GRAND RAPIDS, Mich. (AP/WRIC) — Members of anti-government paramilitary groups discussed kidnapping Virginia’s governor during a June meeting in Ohio, an FBI agent testified Tuesday during a court hearing in Michigan.

Special Agent Richard Trask was part of the investigation that led to six men being arrested and charged last week with plotting to kidnap Michigan’s Democratic Gov. Gretchen Whitmer. Seven other men face state terrorism charges.

Trask did not name Virginia’s Democratic governor, Ralph Northam, during his testimony in a federal courtroom in Grand Rapids. He said members of anti-government groups from multiple states attended the meeting.

“They discussed possible targets, taking a sitting governor, specifically issues with the governor of Michigan and Virginia based on the lockdown orders,” Trask said. He said the people at the meeting were unhappy with the governors’ response to the coronavirus pandemic.

Trask did not discuss further planning aimed at Northam.

According to Alena Yarmosky, a spokesperson for Northam, the FBI alerted key members of the Governor’s security team throughout the course of their investigation.

Per security protocols for highly-classified information, Yarmosky said neither the Governor nor other members of his staff were informed at first. She said at no time was the Governor or his family in imminent danger.

Yarmosky added enhanced security measures have been in place for Gov. Northam and his family for quite some time and those measures will continue.

In a press conference on Tuesday, Northam declined to answer specific questions about the alleged kidnapping plot because he said the FBI’s criminal investigation is still ongoing.

“I will not work under a cloud of intimidation. That’s not who I am,” Northam said.

Northam also doubled down on his spokesperson’s statement pointing fingers at President Donald Trump.

“Here’s the reality: President Trump called upon his supporters to “LIBERATE VIRGINIA” in April — just like Michigan,” Yarmosky said in the statement. “In fact, the President regularly encourages violence against those who disagree with him. The rhetoric coming out of this White House has serious and potentially deadly consequences. It must stop.”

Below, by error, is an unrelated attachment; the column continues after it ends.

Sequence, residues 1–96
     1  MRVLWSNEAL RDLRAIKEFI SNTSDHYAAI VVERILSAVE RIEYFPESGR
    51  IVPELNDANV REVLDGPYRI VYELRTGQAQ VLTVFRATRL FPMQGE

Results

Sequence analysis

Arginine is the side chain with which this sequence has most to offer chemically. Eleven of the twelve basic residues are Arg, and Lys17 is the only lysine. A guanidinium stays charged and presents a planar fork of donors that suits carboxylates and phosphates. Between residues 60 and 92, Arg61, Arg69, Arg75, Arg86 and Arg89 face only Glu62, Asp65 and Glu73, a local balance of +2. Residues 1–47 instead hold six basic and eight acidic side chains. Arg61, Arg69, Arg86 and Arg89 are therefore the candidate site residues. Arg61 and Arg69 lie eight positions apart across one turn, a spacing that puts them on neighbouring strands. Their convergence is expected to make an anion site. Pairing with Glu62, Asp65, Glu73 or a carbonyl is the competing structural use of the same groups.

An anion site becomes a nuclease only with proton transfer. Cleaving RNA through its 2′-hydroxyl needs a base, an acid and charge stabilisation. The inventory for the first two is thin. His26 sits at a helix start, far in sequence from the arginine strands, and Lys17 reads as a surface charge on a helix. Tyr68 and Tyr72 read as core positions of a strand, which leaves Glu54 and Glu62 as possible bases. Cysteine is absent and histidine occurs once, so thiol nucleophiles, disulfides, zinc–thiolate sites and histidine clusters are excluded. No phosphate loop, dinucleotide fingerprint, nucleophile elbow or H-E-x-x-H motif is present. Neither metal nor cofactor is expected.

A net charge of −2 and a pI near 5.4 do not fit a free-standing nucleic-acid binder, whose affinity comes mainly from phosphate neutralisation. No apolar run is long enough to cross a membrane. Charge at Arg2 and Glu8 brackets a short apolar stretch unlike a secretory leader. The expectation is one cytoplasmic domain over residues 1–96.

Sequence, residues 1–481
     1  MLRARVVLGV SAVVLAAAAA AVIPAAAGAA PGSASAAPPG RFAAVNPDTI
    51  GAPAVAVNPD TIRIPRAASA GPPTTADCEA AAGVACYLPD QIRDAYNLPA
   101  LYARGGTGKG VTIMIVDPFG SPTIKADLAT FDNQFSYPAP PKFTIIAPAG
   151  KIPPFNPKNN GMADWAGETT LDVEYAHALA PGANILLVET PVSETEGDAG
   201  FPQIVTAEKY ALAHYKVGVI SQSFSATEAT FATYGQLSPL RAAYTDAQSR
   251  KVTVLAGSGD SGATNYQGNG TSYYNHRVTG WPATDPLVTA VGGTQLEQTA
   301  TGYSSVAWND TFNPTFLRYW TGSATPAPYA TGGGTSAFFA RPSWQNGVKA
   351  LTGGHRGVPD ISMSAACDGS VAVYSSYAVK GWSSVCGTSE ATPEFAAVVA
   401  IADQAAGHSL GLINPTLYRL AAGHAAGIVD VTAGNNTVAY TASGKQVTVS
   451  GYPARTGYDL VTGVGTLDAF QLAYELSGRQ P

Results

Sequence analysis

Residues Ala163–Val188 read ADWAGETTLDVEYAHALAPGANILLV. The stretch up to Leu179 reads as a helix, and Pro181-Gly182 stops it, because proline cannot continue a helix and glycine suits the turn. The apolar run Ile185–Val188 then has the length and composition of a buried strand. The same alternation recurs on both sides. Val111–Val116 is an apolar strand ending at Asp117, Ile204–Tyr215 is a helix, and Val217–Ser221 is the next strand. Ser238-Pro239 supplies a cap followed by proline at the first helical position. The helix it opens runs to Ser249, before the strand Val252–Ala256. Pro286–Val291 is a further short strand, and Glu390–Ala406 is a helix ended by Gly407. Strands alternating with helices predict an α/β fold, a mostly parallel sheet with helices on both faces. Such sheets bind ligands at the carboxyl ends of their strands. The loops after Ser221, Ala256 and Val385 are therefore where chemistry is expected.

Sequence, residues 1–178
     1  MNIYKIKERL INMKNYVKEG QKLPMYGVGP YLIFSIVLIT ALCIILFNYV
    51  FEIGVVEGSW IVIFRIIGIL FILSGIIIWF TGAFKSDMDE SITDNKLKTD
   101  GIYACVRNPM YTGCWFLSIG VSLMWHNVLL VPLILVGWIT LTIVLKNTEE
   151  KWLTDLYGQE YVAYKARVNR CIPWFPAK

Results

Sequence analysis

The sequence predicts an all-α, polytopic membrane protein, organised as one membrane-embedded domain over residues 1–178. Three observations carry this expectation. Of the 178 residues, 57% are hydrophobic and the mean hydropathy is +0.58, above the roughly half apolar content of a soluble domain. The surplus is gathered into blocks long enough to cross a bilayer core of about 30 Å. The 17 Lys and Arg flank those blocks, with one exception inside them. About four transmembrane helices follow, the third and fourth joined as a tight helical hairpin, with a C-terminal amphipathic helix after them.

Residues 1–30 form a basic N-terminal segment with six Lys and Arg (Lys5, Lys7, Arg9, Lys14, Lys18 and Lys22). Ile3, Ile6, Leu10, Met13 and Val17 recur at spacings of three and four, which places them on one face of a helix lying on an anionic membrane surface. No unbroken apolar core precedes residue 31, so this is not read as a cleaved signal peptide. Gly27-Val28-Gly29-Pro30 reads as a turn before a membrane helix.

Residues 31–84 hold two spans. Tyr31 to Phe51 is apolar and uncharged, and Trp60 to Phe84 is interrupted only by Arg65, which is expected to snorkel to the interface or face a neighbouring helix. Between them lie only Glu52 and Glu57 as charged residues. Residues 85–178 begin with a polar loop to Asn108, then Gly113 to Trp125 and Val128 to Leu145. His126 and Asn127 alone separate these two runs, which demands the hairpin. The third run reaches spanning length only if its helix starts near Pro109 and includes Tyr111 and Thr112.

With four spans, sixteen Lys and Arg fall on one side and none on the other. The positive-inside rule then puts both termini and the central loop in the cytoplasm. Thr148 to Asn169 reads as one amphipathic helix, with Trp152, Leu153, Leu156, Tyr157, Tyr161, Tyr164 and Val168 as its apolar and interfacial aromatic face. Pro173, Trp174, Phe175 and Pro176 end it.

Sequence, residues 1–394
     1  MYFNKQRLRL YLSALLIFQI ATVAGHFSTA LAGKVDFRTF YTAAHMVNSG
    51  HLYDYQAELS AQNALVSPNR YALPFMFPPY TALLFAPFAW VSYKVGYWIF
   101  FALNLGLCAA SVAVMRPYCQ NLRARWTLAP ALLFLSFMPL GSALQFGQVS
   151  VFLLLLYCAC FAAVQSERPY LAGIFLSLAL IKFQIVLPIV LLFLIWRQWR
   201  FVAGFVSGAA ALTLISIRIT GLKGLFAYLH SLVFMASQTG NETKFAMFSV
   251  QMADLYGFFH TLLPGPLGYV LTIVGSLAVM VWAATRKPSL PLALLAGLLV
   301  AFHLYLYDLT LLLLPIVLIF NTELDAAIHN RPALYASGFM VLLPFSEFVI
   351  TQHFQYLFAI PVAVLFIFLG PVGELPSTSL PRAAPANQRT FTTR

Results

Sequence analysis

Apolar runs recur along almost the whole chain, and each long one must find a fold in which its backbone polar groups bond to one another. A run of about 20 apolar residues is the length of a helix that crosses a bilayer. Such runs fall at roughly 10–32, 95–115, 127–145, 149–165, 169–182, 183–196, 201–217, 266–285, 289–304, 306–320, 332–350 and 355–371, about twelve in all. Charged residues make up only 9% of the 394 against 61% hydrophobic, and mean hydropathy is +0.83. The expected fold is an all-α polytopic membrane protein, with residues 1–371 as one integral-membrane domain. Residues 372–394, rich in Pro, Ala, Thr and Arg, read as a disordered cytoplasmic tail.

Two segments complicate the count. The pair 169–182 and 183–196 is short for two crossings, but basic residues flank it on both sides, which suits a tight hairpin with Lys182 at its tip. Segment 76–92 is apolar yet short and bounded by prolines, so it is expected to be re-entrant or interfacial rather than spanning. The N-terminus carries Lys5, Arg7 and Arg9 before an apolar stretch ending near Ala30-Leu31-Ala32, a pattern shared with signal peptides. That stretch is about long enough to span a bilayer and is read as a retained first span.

“Not everything we do is agreeable to all Virginians but when language is used such as “LIBERATE VIRGINIA” people find meaning in those words and thus these things happen and that’s regrettable,” Northam furthered.

Sen. Tim Kaine (D-VA) echoed Northam’s sentiment on Twitter.

“Horrified that domestic terrorists discussed kidnapping Govs Northam and Whitmer,” Kaine tweeted out. “I warned Pence in April that divisive comments like Trump’s ‘LIBERATE VIRGINIA’ tweet could cause violence. Thankful to law enforcement who stopped this. We need a President who heals—not divides.”

White House Press Secretary Kayleigh McEnany defended President Trump in a statement on Tuesday.

“President Trump has continually condemned white supremacists and all forms of hate,” McEnany said. “Governor Whitmer, and now Governor Northam, are sowing division by making these outlandish allegations. America stands united against hate and in support of our federal law enforcement who stopped this plot.”

House Republican Leader Todd Gilbert has been critical of Gov. Northam’s approach to the coronavirus pandemic in the past. He too issued a statement on Tuesday condemning the discussed kidnapping of Northam. 

“We’re glad to know that these idiots were picked up by law enforcement before they could hurt anyone,” Gilbert said.

THIS IS A BREAKING NEWS UPDATE. AP’s earlier story follows below.

GRAND RAPIDS, Mich. (AP) — Five men accused in a plot to kidnap Michigan Gov. Gretchen Whitmer will appear in federal court Tuesday for a hearing on whether they should be detained before trial.

U.S. Magistrate Judge Sally Berens will oversee the bail and detention proceeding in Grand Rapids for Adam Fox, Ty Garbin, Kaleb Franks, Daniel Harris and Brandon Caserta — all Michigan residents. A sixth man, Barry Croft, was being held in Delaware.

The FBI made arrests last week after using confidential sources, undercover agents and clandestine recordings to foil the alleged kidnapping conspiracy. Some defendants had conducted coordinated surveillance of the Democratic governor’s vacation home in northern Michigan in August and September, according to a criminal complaint.

The men were trying to retaliate against Whitmer due to her “uncontrolled power” amid the coronavirus pandemic, authorities said. They said four of the men had planned to meet last week to pay for explosives and exchange tactical gear.

Whitmer, who was considered as Joe Biden’s running mate and is nearly halfway through a four-year term, has been widely praised for her response to the virus outbreak but also sharply criticized by Republican lawmakers and people in conservative areas of the state. The Capitol has been the site of many rallies, including ones with gun-toting protesters calling for her ouster.

Whitmer put major restrictions on personal movement and the economy, although many of those limits have been lifted since spring.

Fox, who was described as one of the leaders, was living in the basement of a vacuum shop in Grand Rapids. The owner said Fox was opposed to wearing a mask during the pandemic and kept firearms and ammunition at the store.

The defendants face up to life in prison if convicted.

Seven others linked to a paramilitary group called the Wolverine Watchmen were charged in state court for allegedly seeking to storm the Michigan Capitol and providing material support for terrorist acts by seeking a “civil war.”

The investigation is ongoing.